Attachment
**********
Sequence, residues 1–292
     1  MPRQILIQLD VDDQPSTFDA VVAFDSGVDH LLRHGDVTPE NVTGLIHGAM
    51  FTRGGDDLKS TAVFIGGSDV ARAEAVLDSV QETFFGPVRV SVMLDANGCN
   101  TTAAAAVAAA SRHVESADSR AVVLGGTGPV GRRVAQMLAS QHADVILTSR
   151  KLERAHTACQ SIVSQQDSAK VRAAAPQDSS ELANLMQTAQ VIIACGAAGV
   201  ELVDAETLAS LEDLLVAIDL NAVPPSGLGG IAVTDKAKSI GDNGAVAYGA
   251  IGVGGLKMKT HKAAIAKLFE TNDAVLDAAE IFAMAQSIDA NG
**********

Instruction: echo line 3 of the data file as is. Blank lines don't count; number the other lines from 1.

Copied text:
    51  FTRGGDDLKS TAVFIGGSDV ARAEAVLDSV QETFFGPVRV SVMLDANGCN